My task as a Father of a son and three girls who live on the Jericho Road requires my full engagement and now is not the time to hide my head in the sand.  Happy Father's Day!!

Tuesday, 14 June 2011

Where have all the blogs gone?

I have no simple answer to why I have not blogged for a month but it gives me an opportunity to catch up on all that is going on. (The one blog I did write, froze on me so never was published!)

Events that have happened in the last month. As a family we enjoyed some cold wet Derbyshire weather and then some hot dry Norfolk weather at half time. As I reflected on the weather differences in our relatively small country, I realised what a fascinating climate we have. My wife called it something else when we were stuck in a tent for a second wet day. Also in the last month Aston Villa Football Club have turned down or have been turned down by every unemployed manager. (Blues fans would probably argue that some who are employed as well).

Steve Tibbert has launched his book 'Good to Grow' which tells the story of King's Church over the last 15 years. It is almost 10 years since I joined the team and it is a story that I am delighted to have been part of. It also provides a resource when people ask how has King's continued to grow. The weeks since the launch of our 3 sites have seen a remarkable increase in people attending the church.

I have reached the 6 months since my knee op and last night I ran for the first time in about 10 months. I have been cycling and swimming but I was told it would take 6 months to run and the consultant was right. Even running last night I could feel it on my recovering knee although I felt it equally on my other knee so perhaps it is just par for the course when I haven't run for that long. Anyway it felt a significant step towards the goal of completing an Olympic length triathlon in the Olympic year/my 40th year. Which obviously leads to a classic blog topic 'Olympic tickets', I tried to get about £600 worth of tickets including the 100m final and I got £46 which means 2 adult tickets to an Olympic event. Still no email to inform me which one. Despite the huge criticism I was generally happy with the whole process with one major concern. The system favoured people who had more money or were willing to gamble more. The more bids you entered the more chance you had of getting tickets. Putting that aside, as a family we will thoroughly enjoy the Olympic games being on our doorstep. The free events will be great and also the big screens in the Parks should be excellent places to hang out.

Life has been very busy and I have had to remember to slow down a little and try to pace myself. Next week I am away with about 15 others from the Jericho Road Project at the Encounter Camp in rural Worcestershire. This is an event started by my friend Jim Harper who runs the event to allow people who have suffered from life controlling issues to have a place where they can meet with God and find healing. It will provide for me a different week from the usual hustle and bustle of the office/home. It will give me time to catch up with people who I might see regularly but don't have much time to catch up with.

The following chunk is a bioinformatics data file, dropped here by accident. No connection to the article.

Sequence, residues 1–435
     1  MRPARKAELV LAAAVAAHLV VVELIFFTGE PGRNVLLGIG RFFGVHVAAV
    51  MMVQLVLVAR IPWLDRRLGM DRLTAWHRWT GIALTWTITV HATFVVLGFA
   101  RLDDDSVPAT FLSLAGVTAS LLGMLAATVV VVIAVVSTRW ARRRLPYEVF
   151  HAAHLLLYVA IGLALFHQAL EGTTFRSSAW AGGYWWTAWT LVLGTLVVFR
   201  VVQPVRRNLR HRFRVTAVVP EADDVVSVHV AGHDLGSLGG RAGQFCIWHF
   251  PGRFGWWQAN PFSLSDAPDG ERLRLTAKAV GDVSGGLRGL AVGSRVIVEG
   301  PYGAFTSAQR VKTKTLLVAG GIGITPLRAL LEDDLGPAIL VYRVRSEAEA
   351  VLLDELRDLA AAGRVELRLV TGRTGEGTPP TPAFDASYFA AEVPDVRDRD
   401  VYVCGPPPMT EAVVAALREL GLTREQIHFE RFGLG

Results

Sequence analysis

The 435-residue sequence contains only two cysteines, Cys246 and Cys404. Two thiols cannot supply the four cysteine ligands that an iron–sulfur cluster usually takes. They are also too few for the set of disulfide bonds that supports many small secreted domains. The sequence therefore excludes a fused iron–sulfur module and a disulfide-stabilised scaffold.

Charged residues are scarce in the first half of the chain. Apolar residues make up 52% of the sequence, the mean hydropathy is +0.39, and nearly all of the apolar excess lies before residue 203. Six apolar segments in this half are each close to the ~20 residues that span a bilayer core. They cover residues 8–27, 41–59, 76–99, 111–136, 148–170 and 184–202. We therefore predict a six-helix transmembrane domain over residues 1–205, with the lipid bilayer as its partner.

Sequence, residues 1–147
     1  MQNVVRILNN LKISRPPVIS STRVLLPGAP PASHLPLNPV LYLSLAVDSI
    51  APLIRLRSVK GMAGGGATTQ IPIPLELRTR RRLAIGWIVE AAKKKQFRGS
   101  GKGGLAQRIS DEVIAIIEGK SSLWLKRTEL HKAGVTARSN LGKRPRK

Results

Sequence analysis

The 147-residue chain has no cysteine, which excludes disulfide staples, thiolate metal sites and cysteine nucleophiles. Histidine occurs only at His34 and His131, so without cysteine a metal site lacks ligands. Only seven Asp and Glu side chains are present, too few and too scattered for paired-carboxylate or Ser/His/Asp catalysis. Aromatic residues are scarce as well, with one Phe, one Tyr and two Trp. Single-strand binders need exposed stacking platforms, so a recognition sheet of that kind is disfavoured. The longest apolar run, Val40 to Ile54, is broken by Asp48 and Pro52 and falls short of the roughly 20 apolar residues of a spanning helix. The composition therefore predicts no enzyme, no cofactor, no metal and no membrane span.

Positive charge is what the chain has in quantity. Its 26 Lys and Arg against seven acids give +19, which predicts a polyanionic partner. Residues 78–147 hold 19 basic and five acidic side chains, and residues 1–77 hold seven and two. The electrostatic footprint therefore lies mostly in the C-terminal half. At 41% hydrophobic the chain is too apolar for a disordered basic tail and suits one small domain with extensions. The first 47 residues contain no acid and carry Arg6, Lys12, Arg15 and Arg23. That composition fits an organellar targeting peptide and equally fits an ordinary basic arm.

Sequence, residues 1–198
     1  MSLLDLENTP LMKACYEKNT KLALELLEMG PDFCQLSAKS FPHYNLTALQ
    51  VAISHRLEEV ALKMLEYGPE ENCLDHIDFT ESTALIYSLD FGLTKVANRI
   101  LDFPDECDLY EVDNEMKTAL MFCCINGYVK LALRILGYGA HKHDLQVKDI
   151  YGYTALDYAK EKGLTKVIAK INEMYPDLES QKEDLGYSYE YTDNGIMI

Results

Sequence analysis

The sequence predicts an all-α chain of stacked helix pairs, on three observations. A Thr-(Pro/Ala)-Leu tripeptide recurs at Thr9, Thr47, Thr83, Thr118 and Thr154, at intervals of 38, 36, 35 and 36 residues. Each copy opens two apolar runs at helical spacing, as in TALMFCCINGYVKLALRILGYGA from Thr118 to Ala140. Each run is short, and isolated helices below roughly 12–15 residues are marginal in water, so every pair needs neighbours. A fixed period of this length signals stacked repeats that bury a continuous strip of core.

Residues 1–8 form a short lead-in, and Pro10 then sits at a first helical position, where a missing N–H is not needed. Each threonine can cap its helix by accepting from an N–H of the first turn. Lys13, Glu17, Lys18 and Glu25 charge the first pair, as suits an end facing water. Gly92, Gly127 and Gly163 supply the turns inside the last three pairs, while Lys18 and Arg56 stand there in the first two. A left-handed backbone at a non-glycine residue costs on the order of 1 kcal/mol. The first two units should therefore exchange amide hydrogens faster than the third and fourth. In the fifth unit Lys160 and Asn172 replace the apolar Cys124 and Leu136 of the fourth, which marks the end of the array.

So the blog is back, hopefully!

Wednesday, 25 May 2011

Blah, blah, blah - The Art of Communication!

Communication. It's been taking up my thoughts recently. Whether it's bloggin, tweeting, website, emails, Sunday airtime at church, interviews on film, remembering what to say to which team. It has become a significant part of my work. So I am asking - Are we getting our message out? Who is on the other end? It is surprising how much is dependant on the power of the written word!

I want communication that delivers both the information but also empowers people to do something in response. I love writing this blog although some ideas require more work than others to get a finished blog. Recently I started a fortnightly email newsletter that does 3 things - it describes what has been happening, what is coming up and One story/issue. There are currently 80 people on the mailing list. If you would like to receive it, please email requesting the newsletter.

Whilst I do have a Twitter account until I get a mobile device that allows me to use it on the go I will not be Twittering.

In preparation for the 10 year celebration in October I am due to start filming people telling their stories of the last 10 years. Hopefully this will be a great resource but will be especially useful for the dignitaries event on the 6th October and the Sunday event on the 9th October, especially useful now that King's meets on 3 sites. If you have filming or editing skills that you can offer to the JRP please let me know.

Have you seen the Feast video we did last Autumn in preparation for the sale of Christmas Trees? For some reason I can't get the link to connect here - such are the joys of bloggin! Also because I have now attempted to get the link to this blog, the text has become one text rather than being spaced out with paragraphs and I've lost the spell check. In fact all I can do is type so I'll stop before the blog completely crashes!)

So communication, it's not as easy as it looks!

Sunday, 15 May 2011

Managing the team at the bottom of the table.

As the football leagues in England come to an end, lots of soul searching takes place for managers. Well that or Owners simply fire their manager who a matter of weeks, months and occasionally years ago they were convinced were the best thing for their club. 'He's the right man to take this club forward' quickly becomes 'He's taken the club as far as he possible can'. However this manager then becomes the best man for another job and so it goes on.

Another mystery of football talk is that people seem surprised that there is a club at the bottom of the table. The has always been, is now, and will always be a team who occupy the bottom place in the league. That is how a league works! One of the managers will be at the bottom. Well this year it was my turn to be the manager who was bottom of the table. It was the 1st year that Lewisham Lionhearts had run an under 14's team. For a few years now we have had an under 11's team playing in the South London Church League, last year we won the cup and finished mid table in the league. And this year we had a team in the under 14's league.

We had a very young team, mostly year 7's, playing in a league for years 7, 8 and 9. So we have got 2 more years to enjoy playing at this level. The players have made great progress in the year but being a young team brings it challenges, we were often shorter, slower, less fit, not able to pass as far, not able to shoot as hard. All in all we had a big challenge!

The highlight was seeing players respond with great attitude, working hard for the team and the low light was (twice) trying to find a way to inspire the team when we are getting thumped by the best team in the league - 'Let's aim to let in less goals in the 2nd half than we did in the 1st!' we managed this in both games. 'Let's try and score one goal!' we managed this in one of the games.

In the world of football all the talk will soon be all about next season, who is managing where.
The only threat to my managerial career is if Rebekah says that it is taking up too much time of our family time.

As far as I know I have not had a vote of confidence. Not bad for a manager at the bottom of the league!